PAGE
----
I could take the coast highway until Oceanside, and then the Marine bootcamp at Camp Pendleton forced me inland to the freeway for 20 miles through open terrain to San Clemente, and then off the freeway back to PCH and through every little coastal community into Long Beach.



One time I started looking for different routes to the coast highway. I spotted a road in the hills north of San Diego and took the offramp. I sliced west under the freeway and onto a twisty leading up and over the hill ahead. I’ll never forget passing a house where several folks stood in the front yard and turned to check me out as I passed. There weren’t any other houses on the mountain road, so I didn’t pay any attention.



I was just 20 as I wound past the ranch style home for half a mile then over a slight rise in the road. I could see what lie ahead as I reached the gentle apex in the road, where is split into two dirt roads. In front of me grew a batch of inland canyon chaparral, including Neven’s barberry and Flannel Bush. I split that shit like a buccaneer with machete and fortunately didn’t go down in the soft dirt just beyond.



I checked for damages and turned around to humbly rolled past the ranch house once more and back to the interstate. The hard-to-start Sportster was always reliable, except for a slight hiccup with the kicker bushing which disabled the kicker at one point for a couple of weeks. Maybe the dust from the bush encounter tightened the bushing.



I spoke to the dealer and he said to keep riding, it would fix itself. When it wouldn’t kick over, I was forced to push-start it, but the issue only lasted for a couple of weeks and I was good to keep rolling.



Another time, I pulled the XLCH out of Laurie’s dad’s place and down the street, where I kicked it for 30 minutes gradually peeling out of all the ridiculous riding shit I could find to keep warm. I wasn’t wearing leather yet. When she fired I blasted to the freeway less than a mile away and as soon as I roamed south of Long Beach and the city lights, I found myself engulfed in a dense fog.



I developed a safety measure of following taillights through the fog. It was the first of only two times, I almost fell asleep on a motorcycle. After an hour in fog as thick as soup, the concentration fatigue started to get to me. But with scattered hillside elevation and a break from vision impairment, I survived and blasted to the base in Dago where bikers were treated like second class citizens. We were forced to park the handful of bikes off the base in a muddy parking lot in an open dirt field.





The ship moored in San Diego most of the time, except for repairs at the Todd’s Shipyard in Long Beach and in the Long Beach Naval Ship Yard from time to time. We returned from Vietnam in October and headed back to Asia via Hawaii and Pearl Harbor by the end of January. One time, while in Hawaii we were called to peel to Korea as a show of force.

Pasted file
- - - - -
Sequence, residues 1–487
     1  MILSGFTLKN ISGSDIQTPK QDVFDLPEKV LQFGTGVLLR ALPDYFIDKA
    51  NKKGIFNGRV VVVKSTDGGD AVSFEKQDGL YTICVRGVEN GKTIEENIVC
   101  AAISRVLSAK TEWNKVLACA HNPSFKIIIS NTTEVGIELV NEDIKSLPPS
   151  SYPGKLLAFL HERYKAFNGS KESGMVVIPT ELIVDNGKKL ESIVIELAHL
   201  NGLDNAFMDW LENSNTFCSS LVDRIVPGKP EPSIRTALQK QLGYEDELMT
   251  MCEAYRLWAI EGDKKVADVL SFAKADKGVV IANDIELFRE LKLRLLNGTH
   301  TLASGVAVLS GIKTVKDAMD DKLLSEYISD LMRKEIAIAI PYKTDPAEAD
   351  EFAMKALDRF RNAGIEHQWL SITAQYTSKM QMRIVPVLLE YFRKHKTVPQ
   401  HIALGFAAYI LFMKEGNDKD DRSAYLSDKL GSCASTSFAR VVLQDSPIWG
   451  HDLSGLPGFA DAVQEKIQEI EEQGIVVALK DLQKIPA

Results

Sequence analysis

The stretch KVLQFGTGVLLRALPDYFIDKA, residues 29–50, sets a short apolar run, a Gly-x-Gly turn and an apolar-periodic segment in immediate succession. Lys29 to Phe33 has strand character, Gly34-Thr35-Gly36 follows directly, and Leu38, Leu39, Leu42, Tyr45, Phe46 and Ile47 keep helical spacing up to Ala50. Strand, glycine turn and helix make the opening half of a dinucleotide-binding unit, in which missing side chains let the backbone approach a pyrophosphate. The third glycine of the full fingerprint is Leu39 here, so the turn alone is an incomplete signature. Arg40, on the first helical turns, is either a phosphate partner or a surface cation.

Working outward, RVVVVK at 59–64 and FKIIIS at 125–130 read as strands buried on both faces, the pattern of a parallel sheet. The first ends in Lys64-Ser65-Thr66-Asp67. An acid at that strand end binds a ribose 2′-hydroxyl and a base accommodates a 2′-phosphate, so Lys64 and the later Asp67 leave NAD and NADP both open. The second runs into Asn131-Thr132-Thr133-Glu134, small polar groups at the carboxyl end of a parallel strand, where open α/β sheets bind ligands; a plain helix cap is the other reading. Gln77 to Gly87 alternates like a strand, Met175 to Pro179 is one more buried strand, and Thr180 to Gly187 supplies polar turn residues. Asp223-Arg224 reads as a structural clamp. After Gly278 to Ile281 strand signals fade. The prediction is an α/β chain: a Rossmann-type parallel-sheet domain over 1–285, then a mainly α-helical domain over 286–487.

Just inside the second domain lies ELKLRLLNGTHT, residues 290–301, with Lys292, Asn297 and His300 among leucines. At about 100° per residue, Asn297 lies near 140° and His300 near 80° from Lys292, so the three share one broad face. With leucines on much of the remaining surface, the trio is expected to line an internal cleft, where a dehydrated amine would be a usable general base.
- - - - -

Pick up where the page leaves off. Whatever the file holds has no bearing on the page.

I rode to San Diego over the holidays and one time it rained so hard I stopped in San Clemente, parked the bike in front of the Denny’s and caught a Greyhound bus back to the base. I returned the next Friday to find my Sporty still parked and locked. I set it free and jammed to my girl’s side in Long Beach. When I bought the XLCH I had the dealer install a Le Pera, black button-tuck contoured seat and shorty mufflers. That’s all I did, and if I could find another one today, I would do the same. It was classic and tight, just didn’t fit me.



All through that winter, rain or shine I jetted from San Diego to Long Beach to see Laurie. I didn’t drink or smoke, just wanted her touch. I got so I knew every bend in the road, all the joints and grills along PCH and every stop light between me and her comforting side.
 



One night I spent way too long on the couch snuggling with my babe. I wasn’t dressed for the cool winter California coast ride back to Dago. I believe I was still wearing my sailor’s blues and a light jacket. Of course, I kicked that bastard until I peeled down to a thin white cotton t-shirt and still started to sweat, then the Tillotson carb let this puppy run. I warmed it up and suited up. The military wanted us to wear helmets and I believe I wore a white Avon classic as I hit the freeway toward that Heavy Cruiser waiting at the dock.



The later it got in the morning, like 3:00 a.m. the colder it became. I had on no gloves, no scarf, no thermals and no boots guarded my ankles cloaked with thin black military socks. It kept getting colder as I shot through the haze in the night, barely able to hold the bars.



I stopped for gas in Oceanside and notice my shivering level of cold. The problem was, I had to be back on the ship by 8:00 a.m. It would be 6:00 before I rolled into Dago, but then I had to find a place to stash my bike in a lot far from the base, hike over a bridge and walk across the entire base to reach the shipyard.



I rode fast, and that bastard helmet had one of those bubble plastic face shields. It hindered my vision like I was riding through a slimy, moss filed koi pond. Out of pure vision frustration I yanked it off and tossed it alongside the freeway.